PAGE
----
A number of potential solutions were initially identified and assessed on the basis of their potential to solve the congestion problem, but no preferred solution was identified as a potential solution. The 2012 strategy proposed a road to Congleton, and in 2013 a road from the city centre to the city centre, with the potential for a link to a new bus station.

On 17 September 2012, the Cabinet decided to investigate transport solutions to the Congleton congestion problem. The public will now have the opportunity to express their views on the proposed solutions in a two-stage public consultation starting today (Wednesday 14 March). 

Two councils and TfGM have built on the original SEMMMS strategy by prioritising the need for improved connectivity between the northern borough and Greater Manchester. Together with other stakeholders and partners, the three public institutions have refreshed the Congleton Connectivity Strategy, which outlines a number of potential solutions to the congestion problem in the region, including bus, commuter rail, cycle paths, cycle lanes and bike parking. 

A key feature of the original SEMMMS was the relief road for Manchester Airport, which is currently being built in Poynton, and Cheshire East Council’s progress on Poysnton Relief Road. The 600m Mersey Gateway project is designed to ease congestion at the existing SJB, which serves around 80,000 vehicles on weekdays.

Built in 1961, the bridge is the only road link connecting Runcorn and Widnes within the borough. The new Mersey Gateway Bridge will be integrated into the existing main road network, with a new bridge over the River Merseyside and the construction of the new Poysnton Relief Road. In order to relieve the SJB and shift 80 percent of traffic to the newer bridge, the road will also be improved with new traffic lights and new pedestrian and bike paths.

Fiona Bruce, MP for Congleton, said: “This new road will reduce accidents, reduce congestion in Congleton, move lorries out of the city centre and improve air quality for residents. The Mersey Gateway will generate an estimated £61.9m of gross value added per year by 2030, boosting the regional economy and providing a vital link between Runcorn and Widnes and surrounding areas of Cheshire and Merseyside.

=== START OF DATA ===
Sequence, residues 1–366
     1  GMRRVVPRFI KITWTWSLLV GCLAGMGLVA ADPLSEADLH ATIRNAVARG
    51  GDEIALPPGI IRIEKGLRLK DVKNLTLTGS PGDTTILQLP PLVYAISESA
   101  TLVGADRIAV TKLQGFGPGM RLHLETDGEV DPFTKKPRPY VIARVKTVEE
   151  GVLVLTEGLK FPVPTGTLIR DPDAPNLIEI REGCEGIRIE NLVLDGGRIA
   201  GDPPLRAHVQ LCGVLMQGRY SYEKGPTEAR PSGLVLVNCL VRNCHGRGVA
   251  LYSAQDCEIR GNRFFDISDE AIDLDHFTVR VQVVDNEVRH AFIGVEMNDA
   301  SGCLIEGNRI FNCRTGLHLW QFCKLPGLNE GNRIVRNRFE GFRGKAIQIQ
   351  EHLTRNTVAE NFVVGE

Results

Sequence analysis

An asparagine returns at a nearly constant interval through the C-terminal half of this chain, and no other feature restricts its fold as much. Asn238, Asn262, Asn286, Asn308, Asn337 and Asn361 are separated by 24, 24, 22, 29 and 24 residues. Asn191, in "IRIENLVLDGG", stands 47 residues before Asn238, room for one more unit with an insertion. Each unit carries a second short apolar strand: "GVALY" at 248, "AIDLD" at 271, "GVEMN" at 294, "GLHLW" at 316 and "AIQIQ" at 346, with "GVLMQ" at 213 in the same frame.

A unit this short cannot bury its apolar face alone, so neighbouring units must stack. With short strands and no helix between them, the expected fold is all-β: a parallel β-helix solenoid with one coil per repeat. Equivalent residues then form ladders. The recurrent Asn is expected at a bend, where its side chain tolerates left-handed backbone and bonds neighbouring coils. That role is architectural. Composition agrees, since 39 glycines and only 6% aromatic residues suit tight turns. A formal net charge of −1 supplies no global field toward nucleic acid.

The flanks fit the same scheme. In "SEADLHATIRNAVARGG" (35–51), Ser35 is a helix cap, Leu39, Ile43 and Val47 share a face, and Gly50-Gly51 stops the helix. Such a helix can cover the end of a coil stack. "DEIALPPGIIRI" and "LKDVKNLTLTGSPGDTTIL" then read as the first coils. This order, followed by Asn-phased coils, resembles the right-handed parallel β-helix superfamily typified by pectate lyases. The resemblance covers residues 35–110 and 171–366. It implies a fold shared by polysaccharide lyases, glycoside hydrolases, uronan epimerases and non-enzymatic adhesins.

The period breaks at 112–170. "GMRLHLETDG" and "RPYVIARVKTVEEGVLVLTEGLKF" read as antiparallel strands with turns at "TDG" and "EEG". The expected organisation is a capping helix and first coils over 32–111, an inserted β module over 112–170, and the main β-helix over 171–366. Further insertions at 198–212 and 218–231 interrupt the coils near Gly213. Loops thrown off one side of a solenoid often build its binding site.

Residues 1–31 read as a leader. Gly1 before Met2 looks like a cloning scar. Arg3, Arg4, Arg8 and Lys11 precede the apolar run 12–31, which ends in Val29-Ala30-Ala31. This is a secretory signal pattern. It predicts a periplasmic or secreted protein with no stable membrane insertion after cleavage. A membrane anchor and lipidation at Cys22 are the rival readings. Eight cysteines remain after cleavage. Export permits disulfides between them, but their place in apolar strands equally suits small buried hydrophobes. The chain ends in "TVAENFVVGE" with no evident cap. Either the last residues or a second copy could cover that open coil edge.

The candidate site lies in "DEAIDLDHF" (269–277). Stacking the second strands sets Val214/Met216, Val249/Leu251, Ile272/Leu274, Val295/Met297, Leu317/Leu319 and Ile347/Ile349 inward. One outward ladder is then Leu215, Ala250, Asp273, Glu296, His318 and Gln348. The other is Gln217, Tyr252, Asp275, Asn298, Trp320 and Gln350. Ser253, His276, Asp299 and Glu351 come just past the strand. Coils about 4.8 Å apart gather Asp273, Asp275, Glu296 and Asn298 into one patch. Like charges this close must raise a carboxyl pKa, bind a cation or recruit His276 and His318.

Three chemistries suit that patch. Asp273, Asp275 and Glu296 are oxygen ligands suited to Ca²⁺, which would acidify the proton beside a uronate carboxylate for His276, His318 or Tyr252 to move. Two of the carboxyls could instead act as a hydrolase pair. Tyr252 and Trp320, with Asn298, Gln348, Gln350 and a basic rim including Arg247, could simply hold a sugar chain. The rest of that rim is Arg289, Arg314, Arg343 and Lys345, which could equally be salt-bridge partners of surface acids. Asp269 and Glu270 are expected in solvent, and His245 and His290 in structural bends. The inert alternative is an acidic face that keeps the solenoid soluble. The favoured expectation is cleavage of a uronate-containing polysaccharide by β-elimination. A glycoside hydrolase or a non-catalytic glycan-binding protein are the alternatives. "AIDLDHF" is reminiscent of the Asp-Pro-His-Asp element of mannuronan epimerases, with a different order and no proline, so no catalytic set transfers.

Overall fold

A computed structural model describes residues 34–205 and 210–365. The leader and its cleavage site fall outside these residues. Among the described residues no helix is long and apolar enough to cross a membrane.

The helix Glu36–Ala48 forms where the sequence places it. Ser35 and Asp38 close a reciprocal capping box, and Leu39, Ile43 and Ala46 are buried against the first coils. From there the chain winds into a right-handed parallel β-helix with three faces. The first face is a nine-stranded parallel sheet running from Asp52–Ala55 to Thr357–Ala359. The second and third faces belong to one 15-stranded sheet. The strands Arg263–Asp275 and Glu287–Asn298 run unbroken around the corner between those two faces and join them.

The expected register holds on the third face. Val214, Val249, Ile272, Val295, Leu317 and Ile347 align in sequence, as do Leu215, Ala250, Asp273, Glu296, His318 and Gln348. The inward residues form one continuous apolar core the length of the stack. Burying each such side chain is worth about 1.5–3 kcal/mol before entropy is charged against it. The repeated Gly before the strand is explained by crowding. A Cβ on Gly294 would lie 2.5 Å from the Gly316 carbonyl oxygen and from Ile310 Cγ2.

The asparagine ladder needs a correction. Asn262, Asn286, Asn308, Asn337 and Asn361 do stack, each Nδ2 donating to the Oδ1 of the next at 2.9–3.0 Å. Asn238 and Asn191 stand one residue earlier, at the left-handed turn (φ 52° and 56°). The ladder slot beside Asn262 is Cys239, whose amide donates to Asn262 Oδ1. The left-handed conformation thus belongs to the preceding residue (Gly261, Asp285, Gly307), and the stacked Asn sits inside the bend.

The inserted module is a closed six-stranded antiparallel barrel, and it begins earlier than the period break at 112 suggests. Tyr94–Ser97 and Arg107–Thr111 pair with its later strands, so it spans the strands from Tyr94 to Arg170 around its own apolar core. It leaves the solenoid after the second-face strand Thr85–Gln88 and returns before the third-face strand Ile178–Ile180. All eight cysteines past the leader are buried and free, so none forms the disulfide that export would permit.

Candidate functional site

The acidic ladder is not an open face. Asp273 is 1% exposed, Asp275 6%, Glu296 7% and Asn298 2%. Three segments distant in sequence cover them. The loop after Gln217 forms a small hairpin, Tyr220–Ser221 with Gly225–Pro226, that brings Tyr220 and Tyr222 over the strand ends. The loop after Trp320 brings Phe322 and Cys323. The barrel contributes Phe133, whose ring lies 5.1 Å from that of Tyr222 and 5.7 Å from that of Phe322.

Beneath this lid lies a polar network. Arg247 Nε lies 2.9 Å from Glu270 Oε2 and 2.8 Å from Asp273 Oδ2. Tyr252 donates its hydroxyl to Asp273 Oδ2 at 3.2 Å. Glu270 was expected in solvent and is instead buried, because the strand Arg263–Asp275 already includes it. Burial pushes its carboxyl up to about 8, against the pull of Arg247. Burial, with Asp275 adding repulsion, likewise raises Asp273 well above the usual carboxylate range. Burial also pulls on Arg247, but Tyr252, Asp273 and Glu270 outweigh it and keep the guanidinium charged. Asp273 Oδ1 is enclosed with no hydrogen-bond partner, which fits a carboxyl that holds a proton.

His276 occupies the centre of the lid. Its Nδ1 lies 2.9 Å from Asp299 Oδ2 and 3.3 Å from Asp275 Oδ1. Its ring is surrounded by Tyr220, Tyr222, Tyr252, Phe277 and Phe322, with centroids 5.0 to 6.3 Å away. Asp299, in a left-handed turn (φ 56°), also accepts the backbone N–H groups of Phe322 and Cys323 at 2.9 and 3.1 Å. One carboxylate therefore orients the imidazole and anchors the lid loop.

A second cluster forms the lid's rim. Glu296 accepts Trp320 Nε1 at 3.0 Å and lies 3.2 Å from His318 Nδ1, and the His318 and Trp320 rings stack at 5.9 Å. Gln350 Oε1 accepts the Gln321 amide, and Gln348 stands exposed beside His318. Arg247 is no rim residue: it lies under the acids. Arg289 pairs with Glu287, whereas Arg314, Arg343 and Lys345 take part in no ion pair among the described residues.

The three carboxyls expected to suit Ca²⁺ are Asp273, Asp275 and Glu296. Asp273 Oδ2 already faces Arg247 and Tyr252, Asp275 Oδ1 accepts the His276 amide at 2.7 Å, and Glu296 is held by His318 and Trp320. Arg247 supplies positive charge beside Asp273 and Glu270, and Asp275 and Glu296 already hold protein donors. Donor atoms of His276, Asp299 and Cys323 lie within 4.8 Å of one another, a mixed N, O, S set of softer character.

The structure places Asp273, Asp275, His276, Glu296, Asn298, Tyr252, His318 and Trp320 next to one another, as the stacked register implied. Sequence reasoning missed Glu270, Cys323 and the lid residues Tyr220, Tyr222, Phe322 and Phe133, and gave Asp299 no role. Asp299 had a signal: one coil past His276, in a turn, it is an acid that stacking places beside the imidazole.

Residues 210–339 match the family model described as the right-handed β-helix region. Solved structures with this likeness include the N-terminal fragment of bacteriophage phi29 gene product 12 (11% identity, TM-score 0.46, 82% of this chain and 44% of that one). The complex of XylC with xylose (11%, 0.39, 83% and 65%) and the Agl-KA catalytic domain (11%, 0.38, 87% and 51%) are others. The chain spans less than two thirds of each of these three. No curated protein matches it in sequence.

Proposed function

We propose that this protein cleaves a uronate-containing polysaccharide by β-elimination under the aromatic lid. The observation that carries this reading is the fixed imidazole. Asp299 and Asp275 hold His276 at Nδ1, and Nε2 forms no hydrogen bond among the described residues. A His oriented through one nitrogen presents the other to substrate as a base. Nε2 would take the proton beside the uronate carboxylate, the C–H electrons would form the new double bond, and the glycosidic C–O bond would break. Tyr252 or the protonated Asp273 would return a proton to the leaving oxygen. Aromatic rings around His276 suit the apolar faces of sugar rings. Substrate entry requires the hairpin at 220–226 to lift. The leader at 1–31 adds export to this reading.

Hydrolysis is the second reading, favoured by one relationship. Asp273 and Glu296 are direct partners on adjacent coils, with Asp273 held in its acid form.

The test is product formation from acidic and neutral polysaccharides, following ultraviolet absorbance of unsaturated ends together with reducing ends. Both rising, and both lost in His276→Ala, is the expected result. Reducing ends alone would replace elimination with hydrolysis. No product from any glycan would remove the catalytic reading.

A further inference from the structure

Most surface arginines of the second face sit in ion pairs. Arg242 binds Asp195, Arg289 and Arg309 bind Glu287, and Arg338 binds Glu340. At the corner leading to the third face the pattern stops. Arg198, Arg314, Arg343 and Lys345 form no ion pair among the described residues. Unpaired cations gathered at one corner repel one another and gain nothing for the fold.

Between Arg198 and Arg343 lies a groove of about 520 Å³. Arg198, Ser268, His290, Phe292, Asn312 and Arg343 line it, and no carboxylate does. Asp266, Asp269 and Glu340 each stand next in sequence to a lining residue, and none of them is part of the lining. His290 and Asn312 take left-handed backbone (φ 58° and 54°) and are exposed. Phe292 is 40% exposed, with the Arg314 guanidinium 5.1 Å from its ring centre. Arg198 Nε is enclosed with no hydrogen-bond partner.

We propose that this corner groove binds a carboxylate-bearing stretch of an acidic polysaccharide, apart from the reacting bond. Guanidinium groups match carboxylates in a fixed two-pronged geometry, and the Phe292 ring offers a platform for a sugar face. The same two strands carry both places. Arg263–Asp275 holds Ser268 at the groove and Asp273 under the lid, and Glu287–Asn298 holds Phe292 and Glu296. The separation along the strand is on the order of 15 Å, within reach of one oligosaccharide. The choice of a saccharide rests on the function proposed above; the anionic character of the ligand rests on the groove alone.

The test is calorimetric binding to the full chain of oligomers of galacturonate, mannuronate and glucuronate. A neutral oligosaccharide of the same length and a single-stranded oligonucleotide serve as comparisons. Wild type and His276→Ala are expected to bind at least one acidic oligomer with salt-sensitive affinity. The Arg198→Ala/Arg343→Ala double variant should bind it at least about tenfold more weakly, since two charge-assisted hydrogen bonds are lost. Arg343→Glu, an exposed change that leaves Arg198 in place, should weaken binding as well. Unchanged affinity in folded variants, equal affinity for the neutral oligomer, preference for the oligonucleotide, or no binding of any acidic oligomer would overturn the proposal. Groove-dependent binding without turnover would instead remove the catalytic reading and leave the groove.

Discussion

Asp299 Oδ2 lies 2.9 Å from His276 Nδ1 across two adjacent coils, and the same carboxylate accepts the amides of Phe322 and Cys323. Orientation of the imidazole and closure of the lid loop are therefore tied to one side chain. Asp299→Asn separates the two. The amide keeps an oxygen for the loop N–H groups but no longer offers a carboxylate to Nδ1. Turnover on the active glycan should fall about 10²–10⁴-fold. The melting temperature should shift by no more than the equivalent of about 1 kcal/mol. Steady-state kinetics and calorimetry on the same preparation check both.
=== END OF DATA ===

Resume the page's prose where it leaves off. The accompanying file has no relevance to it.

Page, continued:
Transport Minister Jesse Norman MP said: “Cheshire and Warrington have some of the best performing economies in England and this programme will help maintain that momentum. It would also improve the quality of life for residents and businesses in the city centre and the wider region. 

Bypass advocates say the effort is worthwhile because it would reduce congestion and pollution while boosting economic growth. The road will not only reduce travel times but also improve air quality for residents. Sources: 0, 2

According to a recent study by the Transportation Research Institute of the US Department of Transportation, the bypass will also carry increased traffic through the city. 

The additional traffic would increase air and noise pollution without benefiting the district. There is no evidence that building a new road will reduce traffic congestion or reduce air pollution in the area. Congestion is hated by everyone and is getting worse despite all remedies. 

Commuters are often frustrated by the inability of politicians to address the problem, which poses a significant public policy challenge, according to the US Census Bureau. 

Traffic jams are not primarily a solution to a fundamental mobility problem, namely that too many people want to travel at the same time of day. To acquire new properties, motorways in congested areas should be designed to move traffic faster than incoming traffic when it enters the required merger. Many are already exit ramps, and the exit ramp on the right is exit – only to reduce the number of lanes back to the original as needed.

The problem is that so many people will be working almost at the same time, and most of these problems should be solved. There is growing demand for sustainable alternatives and electric scooters are being touted as a commuting solution with successful trials in Oxford and other counties.

In many cities, there are fewer places where traffic jams can occur and the number of days during the week when travellers are confronted with traffic jams has increased from 4.5 hours to 7 hours. According to the US Department of Transportation, more than 40 percent of the country’s major metropolitan areas are congested, compared with 34 percent in 1982. 

Weekend delays have also become a problem due to the high volume of traffic and the lack of sufficient parking spaces. Eliminating accidents and incidents on major roads using roving official vehicles operated by state traffic management centers and equipped with televisions and electronic monitoring of road conditions is an excellent tactic for reducing congestion and delays. 

In the case of triple convergence, another criticism is that the existing roads are already overcrowded. Opponents of road construction say that this route is based on the assumption that more highway capacity would simply attract more travelers. The predicted growth of Chester over the next few decades certainly means that much more lanes and mileage will be needed in the peripheral areas.